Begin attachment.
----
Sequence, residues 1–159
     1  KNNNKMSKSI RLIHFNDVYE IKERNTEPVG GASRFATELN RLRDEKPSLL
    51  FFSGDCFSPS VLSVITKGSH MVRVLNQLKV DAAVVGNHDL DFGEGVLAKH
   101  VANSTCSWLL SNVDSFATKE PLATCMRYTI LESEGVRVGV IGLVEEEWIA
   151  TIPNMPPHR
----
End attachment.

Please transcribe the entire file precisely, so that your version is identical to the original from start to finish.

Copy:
Sequence, residues 1–159
     1  KNNNKMSKSI RLIHFNDVYE IKERNTEPVG GASRFATELN RLRDEKPSLL
    51  FFSGDCFSPS VLSVITKGSH MVRVLNQLKV DAAVVGNHDL DFGEGVLAKH
   101  VANSTCSWLL SNVDSFATKE PLATCMRYTI LESEGVRVGV IGLVEEEWIA
   151  TIPNMPPHR